Since the House Intelligence Committee, chaired by Congressman Devin Nunes (R-Calif.), voted on Monday to release a memo detailing alleged misconduct and legal abuses by the FBI, the three major broadcast networks (ABC, CBS, and NBC) have been acting like the mouthpiece for the Democratic Party. Between January 29 (when the vote was held) and February 1, the networks dedicated roughly three and a half times the coverage to worries about releasing the memo than the allegations against the FBI.
During this time frame, the network evening newscasts dedicated a whopping 17 minutes and 20 seconds of airtime to Democratic Party talking points and FBI pleas not to release the memo. In sharp contrast, they only spent four minutes and 54 seconds on the content of the memo, which included allegations of misconduct during the early days of the Russia investigation and abuse of FISA warrants.
In the run-up to the Intelligence Committee vote, the nets were largely silent as Democrats were insisting that those on social media calling for the memo to be released were Russian bots. And on the day of the vote, ABC and CBS seemed to be still downplaying the memo since they didn’t report on the vote at all while NBC Nightly News dedicated a solid two minutes to the story, with only 36 seconds going to the allegations and the rest going to fears about it being released.
On Tuesday night prior to the State of the Union address, the tide shifted and all three networks were loading up on opposition to releasing the memo. ABC donated two minutes, 25 seconds to opposing the memo's release, while CBS chipped in one minute and 31 seconds. What about NBC? The peacock network spent one minute and 13 seconds on this narrative. And as for the allegations against the FBI, they were largely dismissive and none of them broke a minute of airtime, with ABC at 51 seconds; CBS at 37 seconds; and NBC at 20 seconds.
Come Wednesday, the networks clamped down, repeating the memo’s allegations against the FBI as Democrats ramped up their outrage and the Bureau claimed they had “grave concerns.” ABC only aired 22 seconds of allegations to their two minutes and 50 seconds of opposition. For CBS, it was 24 seconds for the allegations versus one minute and 34 seconds for the pushback. NBC cut back hard on the allegations, allowing only 13 seconds to the one minute and 28 seconds for pushback.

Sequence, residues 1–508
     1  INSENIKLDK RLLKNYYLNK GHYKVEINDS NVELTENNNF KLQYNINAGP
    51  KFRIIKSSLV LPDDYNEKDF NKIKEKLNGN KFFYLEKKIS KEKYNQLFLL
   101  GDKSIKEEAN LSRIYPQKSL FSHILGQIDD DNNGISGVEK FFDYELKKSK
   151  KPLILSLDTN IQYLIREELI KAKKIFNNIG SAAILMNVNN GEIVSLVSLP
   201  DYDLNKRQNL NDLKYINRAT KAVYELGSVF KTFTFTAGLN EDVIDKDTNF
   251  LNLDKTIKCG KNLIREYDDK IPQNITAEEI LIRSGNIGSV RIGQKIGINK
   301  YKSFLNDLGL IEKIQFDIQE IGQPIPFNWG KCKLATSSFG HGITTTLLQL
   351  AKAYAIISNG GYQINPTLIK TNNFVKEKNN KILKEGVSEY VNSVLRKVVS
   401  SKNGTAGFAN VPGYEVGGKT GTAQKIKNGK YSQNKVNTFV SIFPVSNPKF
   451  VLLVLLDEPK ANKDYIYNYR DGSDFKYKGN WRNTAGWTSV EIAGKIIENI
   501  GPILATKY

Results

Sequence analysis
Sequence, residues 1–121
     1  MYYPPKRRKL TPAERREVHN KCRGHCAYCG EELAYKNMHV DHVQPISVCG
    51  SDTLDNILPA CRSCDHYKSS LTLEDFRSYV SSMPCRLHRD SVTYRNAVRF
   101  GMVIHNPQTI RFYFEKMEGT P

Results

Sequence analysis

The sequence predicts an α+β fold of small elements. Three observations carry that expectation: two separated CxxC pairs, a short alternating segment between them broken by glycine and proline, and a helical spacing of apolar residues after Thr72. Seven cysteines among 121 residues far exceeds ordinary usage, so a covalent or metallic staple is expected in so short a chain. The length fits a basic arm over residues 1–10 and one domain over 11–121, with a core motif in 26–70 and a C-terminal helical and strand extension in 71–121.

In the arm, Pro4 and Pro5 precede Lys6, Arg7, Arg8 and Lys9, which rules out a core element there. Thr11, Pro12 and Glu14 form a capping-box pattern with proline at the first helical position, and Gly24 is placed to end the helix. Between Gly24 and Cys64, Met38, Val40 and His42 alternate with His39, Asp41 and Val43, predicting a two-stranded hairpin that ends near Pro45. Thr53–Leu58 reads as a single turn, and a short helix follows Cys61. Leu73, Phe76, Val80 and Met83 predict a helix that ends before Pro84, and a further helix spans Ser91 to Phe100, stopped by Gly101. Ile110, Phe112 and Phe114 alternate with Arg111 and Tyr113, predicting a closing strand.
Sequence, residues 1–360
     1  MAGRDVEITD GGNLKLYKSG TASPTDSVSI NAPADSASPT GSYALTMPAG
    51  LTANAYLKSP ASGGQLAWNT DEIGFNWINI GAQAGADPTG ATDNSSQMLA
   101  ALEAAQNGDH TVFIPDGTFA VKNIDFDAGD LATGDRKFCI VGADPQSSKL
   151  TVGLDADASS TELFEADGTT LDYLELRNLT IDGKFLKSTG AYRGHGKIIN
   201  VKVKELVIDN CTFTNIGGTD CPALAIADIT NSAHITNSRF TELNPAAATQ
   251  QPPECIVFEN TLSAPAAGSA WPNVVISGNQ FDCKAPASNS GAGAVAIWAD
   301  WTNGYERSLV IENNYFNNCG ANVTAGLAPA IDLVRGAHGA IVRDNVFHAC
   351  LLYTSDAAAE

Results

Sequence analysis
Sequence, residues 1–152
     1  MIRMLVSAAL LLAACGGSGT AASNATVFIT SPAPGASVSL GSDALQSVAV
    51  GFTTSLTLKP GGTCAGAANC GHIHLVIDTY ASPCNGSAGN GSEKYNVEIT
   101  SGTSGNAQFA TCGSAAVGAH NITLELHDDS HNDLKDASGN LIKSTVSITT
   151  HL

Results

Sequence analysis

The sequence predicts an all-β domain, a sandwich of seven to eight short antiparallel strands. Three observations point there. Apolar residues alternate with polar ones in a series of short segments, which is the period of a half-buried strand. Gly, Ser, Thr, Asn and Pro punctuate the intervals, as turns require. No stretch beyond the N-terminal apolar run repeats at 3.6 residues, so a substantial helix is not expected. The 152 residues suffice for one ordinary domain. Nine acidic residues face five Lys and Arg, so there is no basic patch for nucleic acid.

Along with barely touching on the allegations, NBC White House Correspondent Peter Alexander pushed fake news about the memo in the form of a debunked smear: “Tonight, the transcript of a closed-door House Intelligence Committee meeting this week shows the Republican chair, Devin Nunes refused to answer whether the White House worked with anyone on his staff as they put that memo together.” But as The Federalist’s Mollie Hemingway expertly pointed out, the transcript proved the exact opposite.
Word came on Thursday that President Trump had read the memo and was strongly considering releasing it, which perhaps explained why the networks had more coverage. ABC kept up the heavy opposition to the memo with two minutes and 48 seconds vs. 40 seconds of allegations. CBS stayed consistent with one minute, 34 seconds of memo pushback to 44 seconds to allegations. NBC had bizarrely dedicated only 38 seconds to the story altogether, with only seven seconds going to the allegations.
And with momentum building on Thursday to release the memo, ABC and CBS amped up the dire tone by harping on the FBI’s “grave concerns” and peddled rumors that FBI Director Christopher Wray might resign.
During World News Tonight, ABC White House Correspondent Jon Karl highlighted a clip of himself shouting questions to Trump as he walked by the press: “Mr. President, what about the FBI director's grave concerns? Don't you trust him?” And CBS News Justice Correspondent Jeff Pegues ended his segment on the Evening News by touting an obnoxious tweet by former FBI Director James Comey. "‘American history shows that in the long run, weasels and liars never hold the field so long as good people stand up.’ That is a reflection of how intense this controversy has now become,” he chided.
The Nunes memo leveled serious allegations of misconduct against officials at the FBI's high levels, and it’s argued that the release of the memo was needed for proper oversight. But the liberal media were not interested in transparency and accountability. Many in the media have argued a hands-off approach to let the Inspector General’s investigation run its course. Yet, they don’t share that same mindset with the Russia investigation that they say is bearing down on Trump.